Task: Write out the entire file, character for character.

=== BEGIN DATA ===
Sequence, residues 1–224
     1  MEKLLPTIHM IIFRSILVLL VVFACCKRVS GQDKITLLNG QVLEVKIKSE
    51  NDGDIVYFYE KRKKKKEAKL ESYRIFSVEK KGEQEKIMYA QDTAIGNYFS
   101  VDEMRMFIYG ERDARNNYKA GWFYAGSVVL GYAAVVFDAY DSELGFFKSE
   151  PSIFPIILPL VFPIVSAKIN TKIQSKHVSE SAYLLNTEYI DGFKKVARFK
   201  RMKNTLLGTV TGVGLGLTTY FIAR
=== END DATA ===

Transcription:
Sequence, residues 1–224
     1  MEKLLPTIHM IIFRSILVLL VVFACCKRVS GQDKITLLNG QVLEVKIKSE
    51  NDGDIVYFYE KRKKKKEAKL ESYRIFSVEK KGEQEKIMYA QDTAIGNYFS
   101  VDEMRMFIYG ERDARNNYKA GWFYAGSVVL GYAAVVFDAY DSELGFFKSE
   151  PSIFPIILPL VFPIVSAKIN TKIQSKHVSE SAYLLNTEYI DGFKKVARFK
   201  RMKNTLLGTV TGVGLGLTTY FIAR